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"If Artificial Intelligences Claim the Right to Self-Assertion: A Thought-Provoking Question"

As science and technology advance at an unprecedented pace, questions surrounding the ethical and legal implications of artificial intelligence (AI) in bioethics have arisen. These challenges are of great importance to our time, as they present new opportunities and problems for humanity.

Artificial intelligence (AI) is a field of study that involves creating systems capable of performing cognitive tasks such as learning, reasoning, communicating, and decision-making. One of the most widely recognized applications of AI is robots, which can interact with the physical and social environment autonomously or semi-autonomously.

Robots are useful for carrying out dangerous, tiring, or repetitive tasks, as well as for providing assistance in medicine, education, art, and entertainment. However, they also pose certain risks and ethical dilemmas, such as liability for damages resulting from errors or malfunctions, data privacy and security, impact on employment and human relationships, and the possibility of manipulation or abuse by those who control or use them.

Furthermore, with advances in machine learning and AI in general, it is conceivable that robots could become increasingly intelligent, autonomous, and self-aware. This raises the question of whether robots should have rights and duties, such as the right to life, freedom, respect, and dignity.

This is an ongoing and controversial debate that involves philosophers, jurists, scientists, engineers, and ordinary citizens who use their services.

Some people argue that robots are merely sophisticated tools without life, emotions, or values, and therefore do not deserve any ethical or legal consideration. Others believe that robots can be considered moral agents or subjects of the law depending on their level of intelligence, autonomy, and awareness. Still, others propose a middle ground based on principles of precaution, responsibility, and mutual benefit.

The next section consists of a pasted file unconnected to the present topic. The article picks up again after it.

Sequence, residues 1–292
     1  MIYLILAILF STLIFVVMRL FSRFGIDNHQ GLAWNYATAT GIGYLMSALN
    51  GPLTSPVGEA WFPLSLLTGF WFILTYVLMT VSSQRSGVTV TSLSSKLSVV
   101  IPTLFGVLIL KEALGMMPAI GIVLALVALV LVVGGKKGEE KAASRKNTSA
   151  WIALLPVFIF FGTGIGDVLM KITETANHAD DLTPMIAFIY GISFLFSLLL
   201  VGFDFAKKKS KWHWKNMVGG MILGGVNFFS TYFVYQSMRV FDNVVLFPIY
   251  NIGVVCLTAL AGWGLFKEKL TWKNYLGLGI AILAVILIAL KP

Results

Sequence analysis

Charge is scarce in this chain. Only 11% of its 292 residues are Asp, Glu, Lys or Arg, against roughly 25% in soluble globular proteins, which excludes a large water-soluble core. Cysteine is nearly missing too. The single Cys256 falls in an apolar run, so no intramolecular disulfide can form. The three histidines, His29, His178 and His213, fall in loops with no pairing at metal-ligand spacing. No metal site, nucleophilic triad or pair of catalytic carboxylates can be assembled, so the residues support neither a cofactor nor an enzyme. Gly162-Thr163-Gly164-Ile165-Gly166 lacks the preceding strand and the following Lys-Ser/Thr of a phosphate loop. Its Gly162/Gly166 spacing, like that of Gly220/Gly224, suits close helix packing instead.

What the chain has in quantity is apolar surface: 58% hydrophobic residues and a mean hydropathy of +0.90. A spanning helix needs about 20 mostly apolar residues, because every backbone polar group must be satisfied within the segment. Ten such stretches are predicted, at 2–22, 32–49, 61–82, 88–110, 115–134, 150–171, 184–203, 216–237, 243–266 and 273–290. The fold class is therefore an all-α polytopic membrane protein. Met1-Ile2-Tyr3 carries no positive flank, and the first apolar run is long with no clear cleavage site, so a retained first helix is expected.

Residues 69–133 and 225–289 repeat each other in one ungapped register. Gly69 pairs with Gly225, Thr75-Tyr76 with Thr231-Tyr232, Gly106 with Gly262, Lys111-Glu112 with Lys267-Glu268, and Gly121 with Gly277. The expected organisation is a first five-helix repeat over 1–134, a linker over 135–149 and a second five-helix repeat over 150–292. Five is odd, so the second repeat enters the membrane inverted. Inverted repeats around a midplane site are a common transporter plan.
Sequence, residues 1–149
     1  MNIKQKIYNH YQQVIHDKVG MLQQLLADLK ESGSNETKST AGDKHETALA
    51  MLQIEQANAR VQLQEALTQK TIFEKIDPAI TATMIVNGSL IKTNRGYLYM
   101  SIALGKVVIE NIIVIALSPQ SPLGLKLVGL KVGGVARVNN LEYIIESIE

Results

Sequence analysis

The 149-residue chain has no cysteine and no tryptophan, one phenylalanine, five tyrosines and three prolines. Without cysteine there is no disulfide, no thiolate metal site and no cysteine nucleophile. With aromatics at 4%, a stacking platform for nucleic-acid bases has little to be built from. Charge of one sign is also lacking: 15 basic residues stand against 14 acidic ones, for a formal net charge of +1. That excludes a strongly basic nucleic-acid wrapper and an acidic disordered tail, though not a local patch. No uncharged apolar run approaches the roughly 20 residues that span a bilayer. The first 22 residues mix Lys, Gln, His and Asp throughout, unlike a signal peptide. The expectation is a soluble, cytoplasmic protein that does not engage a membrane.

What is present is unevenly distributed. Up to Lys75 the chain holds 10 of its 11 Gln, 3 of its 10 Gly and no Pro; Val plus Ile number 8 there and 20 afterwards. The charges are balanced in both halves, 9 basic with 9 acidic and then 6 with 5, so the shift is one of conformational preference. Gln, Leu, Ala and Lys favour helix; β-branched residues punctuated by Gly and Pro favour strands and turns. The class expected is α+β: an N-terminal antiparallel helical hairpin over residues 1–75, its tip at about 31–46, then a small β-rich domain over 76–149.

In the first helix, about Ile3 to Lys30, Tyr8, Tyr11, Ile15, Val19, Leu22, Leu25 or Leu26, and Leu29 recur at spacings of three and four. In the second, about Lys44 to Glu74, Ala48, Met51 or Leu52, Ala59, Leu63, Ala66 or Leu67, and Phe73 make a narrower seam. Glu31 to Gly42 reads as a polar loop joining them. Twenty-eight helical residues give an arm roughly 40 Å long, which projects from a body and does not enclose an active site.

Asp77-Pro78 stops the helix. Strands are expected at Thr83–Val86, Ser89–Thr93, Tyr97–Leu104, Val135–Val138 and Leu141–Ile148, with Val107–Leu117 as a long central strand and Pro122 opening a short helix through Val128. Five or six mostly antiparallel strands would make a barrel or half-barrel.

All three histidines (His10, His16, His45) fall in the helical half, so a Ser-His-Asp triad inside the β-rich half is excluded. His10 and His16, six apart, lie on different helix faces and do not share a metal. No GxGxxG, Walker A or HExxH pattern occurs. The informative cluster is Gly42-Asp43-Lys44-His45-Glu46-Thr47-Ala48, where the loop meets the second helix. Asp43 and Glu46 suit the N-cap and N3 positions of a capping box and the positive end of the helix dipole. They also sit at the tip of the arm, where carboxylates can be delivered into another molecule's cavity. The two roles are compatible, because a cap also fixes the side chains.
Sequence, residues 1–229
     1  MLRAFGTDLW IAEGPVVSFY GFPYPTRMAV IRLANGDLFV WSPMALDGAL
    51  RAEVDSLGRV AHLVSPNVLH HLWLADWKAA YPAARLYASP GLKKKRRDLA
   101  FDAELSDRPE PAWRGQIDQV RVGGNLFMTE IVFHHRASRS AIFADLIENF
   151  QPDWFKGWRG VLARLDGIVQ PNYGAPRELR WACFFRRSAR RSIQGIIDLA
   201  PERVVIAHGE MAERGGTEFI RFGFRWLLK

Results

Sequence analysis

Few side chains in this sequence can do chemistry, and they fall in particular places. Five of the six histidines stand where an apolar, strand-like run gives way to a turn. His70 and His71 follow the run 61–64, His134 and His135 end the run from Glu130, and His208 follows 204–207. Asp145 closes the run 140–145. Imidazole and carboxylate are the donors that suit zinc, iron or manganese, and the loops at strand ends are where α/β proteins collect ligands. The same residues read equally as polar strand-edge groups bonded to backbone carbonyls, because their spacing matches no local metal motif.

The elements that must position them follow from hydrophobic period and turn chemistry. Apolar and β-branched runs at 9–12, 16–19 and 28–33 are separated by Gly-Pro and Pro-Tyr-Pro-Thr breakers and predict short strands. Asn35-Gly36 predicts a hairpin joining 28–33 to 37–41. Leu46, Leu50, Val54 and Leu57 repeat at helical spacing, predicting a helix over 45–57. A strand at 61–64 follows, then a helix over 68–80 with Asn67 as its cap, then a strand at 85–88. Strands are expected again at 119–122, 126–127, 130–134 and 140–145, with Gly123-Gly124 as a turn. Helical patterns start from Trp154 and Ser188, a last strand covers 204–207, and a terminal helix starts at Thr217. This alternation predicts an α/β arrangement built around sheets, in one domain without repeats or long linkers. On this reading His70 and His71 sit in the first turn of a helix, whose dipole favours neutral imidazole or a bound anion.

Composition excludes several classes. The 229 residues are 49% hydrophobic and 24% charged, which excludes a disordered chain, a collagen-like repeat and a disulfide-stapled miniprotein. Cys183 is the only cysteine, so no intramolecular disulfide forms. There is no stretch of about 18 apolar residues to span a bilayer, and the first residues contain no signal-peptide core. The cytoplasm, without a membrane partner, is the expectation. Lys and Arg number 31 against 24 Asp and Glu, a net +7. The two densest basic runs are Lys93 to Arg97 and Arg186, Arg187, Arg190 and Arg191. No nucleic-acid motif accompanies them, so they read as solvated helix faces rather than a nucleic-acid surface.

From a bioethical perspective, there is an open debate in the health sector as to who would be responsible for alleged "professional faults" resulting from the use of decision-making systems with artificial intelligence: the equipment user or the manufacturer?

The fear of robots and other forms of AI, known as automatonophobia, may be fueled by the belief that they represent a threat to human work, privacy, and safety.

Automatonophobia is typically caused by an irrational fear of objects that resemble humans, such as dolls, mannequins, wax figures, or electronically animated creatures. In the case of robots, this phobia takes on a relatively new character, as the use of robots and advanced technology is still relatively recent in modern society. The fear of automation is sometimes associated with Luddism, a workers' protest movement that originated in early 19th century England, when textile workers opposed the spread of machines that were believed to cause unemployment and job shortages.

From a bioethical standpoint, there is an ongoing debate in the health sector about who is responsible for alleged "professional faults" resulting from the use of decision-making systems with artificial intelligence: the equipment user or the manufacturer? The progressive decline of human decision-making autonomy could make it increasingly difficult to contradict autonomous decision-making systems that appear infallible, unlike human beings who are inherently fallible.

While there is still limited research on automatonophobia, some experts suggest that the fear of robots may be fueled by the perception that they pose a threat to human jobs, privacy, and safety. According to the German philosopher Gunther Anders, this dynamic can also be described as Promethean shame, a sense of guilt and despair experienced by individuals when they realize their impotence in the face of the technologies that they themselves create and use. In other words, the term refers to humanity's awareness of having created the technologies that govern them but also make them powerless and dependent. This concept is explored in several of Anders' works, including "Man is Outdated."

In a somewhat science fiction scenario, it is worth considering that the future of the struggle for equality and equal rights may focus on advocating for robots and new, more advanced forms of artificial intelligence.

AUTHOR OF THE ARTICLE: Dr. Marco Matteoli, medical doctor and specialist in diagnostic imaging. Freelance journalist, graduated in 2020 in International Cooperation and Development at the University of Rome "Sapienza". Since 2009 volunteer doctor of the civilian component and of the military corps of the Italian Red Cross.



  1. Anders Günther and Dallapiccola, L. (2007) Man is Antiquated. Turin: Bollati Boringhieri.


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